UK’s ‘bad faith’ acting leaves Government walking a difficult tightrope
NI protocol row: No Irish Government wants their commitment to the EU and promotion of peace in North to be in conflict
British prime minister Boris Johnson at the House of Commons, in central London on March 3rd, 2021. Photograph: Jessica Taylor/ AFP via Getty Images
Sources in both the Irish Government and the EU say that the extension of the grace period for checks on some goods entering the North from Britain – which had been due to expire at the end of this month but has now been unilaterally extended by London until October – could comfortably have been agreed as part of the ongoing discussions between the EU and UK on how to implement the Northern Ireland protocol.
“We were well on the way to getting to the position announced yesterday by agreement, we just needed to bring the EU 27 on board,” said one official in Dublin.
An EU source agreed, pointing to the efforts made by commissioner Maros Sefcovic in talks with British minister Michael Gove to repair the damage done by the EU’s aborted triggering of article 16 of the protocol and to agree rules and modalities for the operation of the protocol.
And because the EU would have agreed an extension of the grace period, the move to do so unilaterally by the UK without reference to either Brussels or Dublin is being interpreted as an aggressive, deliberately hostile move. In other words, the EU believes the whole point of the British action is to have a row. The move is likely to be met with the predictable response of legal action.
It is also being interpreted as a signal that the more emollient and consensus-seeking approach by Gove has given way to a more confrontational modus operandi on the part of Lord David Frost, the former chief Brexit negotiator now appointed to the British cabinet to handle relations with the EU.
“This is all about ‘Brand Frostie’, ‘here comes Frostie’,” says one exasperated-sounding Irish official. “Gimme a break.”
This view is strongly contested by British sources, but it reflects the level of anger in both Dublin and Brussels.
The words used by multiple sources in Dublin and Brussels last night and were “bad faith”. EU and Irish officials say that the British move has severely damaged trust; this is, they say, after all the second time that the British government has said it will unilaterally abrogate the terms of the protocol, the first being the subsequently abandoned internal market Bill before Christmas.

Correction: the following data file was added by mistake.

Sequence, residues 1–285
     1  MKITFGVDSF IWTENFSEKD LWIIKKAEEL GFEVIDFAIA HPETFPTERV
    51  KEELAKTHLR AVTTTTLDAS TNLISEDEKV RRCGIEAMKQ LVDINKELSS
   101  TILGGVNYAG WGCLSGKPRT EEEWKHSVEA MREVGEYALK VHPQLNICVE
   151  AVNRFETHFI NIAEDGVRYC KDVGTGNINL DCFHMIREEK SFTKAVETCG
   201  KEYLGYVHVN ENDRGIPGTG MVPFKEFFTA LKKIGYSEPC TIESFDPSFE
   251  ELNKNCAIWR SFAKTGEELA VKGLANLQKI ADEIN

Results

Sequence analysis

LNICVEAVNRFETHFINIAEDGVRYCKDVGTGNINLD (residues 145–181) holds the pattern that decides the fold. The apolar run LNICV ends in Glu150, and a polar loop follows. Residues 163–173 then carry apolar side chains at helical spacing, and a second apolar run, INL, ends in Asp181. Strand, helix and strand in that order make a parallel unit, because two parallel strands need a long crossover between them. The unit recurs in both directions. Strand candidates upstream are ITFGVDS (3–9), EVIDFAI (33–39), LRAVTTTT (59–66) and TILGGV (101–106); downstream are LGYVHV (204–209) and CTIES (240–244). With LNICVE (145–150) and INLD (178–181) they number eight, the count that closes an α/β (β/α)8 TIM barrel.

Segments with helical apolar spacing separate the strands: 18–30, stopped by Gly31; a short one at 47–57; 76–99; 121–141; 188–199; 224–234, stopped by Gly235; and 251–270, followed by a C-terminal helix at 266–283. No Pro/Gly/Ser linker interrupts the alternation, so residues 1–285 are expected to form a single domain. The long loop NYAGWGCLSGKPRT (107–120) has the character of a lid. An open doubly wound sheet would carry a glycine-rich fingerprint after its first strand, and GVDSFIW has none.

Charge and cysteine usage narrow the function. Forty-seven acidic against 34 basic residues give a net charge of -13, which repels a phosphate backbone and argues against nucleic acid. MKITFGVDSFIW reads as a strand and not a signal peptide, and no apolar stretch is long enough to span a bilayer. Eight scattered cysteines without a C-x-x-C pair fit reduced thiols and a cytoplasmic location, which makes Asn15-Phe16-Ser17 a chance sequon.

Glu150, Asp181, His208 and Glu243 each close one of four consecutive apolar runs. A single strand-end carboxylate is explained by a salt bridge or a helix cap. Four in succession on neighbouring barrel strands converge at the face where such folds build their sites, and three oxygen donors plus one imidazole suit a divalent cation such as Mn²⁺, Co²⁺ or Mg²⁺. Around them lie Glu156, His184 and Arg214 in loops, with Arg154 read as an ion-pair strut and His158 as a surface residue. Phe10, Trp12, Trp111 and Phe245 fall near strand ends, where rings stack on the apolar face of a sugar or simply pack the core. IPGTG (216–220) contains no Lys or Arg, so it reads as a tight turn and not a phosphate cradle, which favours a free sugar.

“They are bad faith actors and they will continue to be,” was the bleak assessment of one Irish source. “The situation in the North is pretty febrile, and it’s pretty clear that London doesn’t care.”
And it is the situation in the North that most concerns Dublin right now. In a sense, Ireland is caught between the EU’s requirements that the protocol be implemented properly and the EU single market protected on one hand, and the need on the other hand to take account of the genuine unrest in unionism over the barriers between the North and Britain.
Last night’s statement from loyalists close to paramilitary organisations – though they stressed their activities would remain peaceful and democratic – that they were withdrawing their support for the Belfast Agreement as a result of the post-Brexit arrangements, was received in Dublin as an example of how events in the North can escalate if they are not minded carefully by all sides.
Ireland is committed to its place in the EU, and its single market, almost above all else, and was prepared to consider checks on cross-Border trade if there was no agreement on Brexit – a little noticed but hugely consequential decision by the last Government. But no Irish Government ever wants to be put in a position where its commitment to the EU and its promotion of peace in the North are in conflict. Walking that tightrope got rather more difficult last night.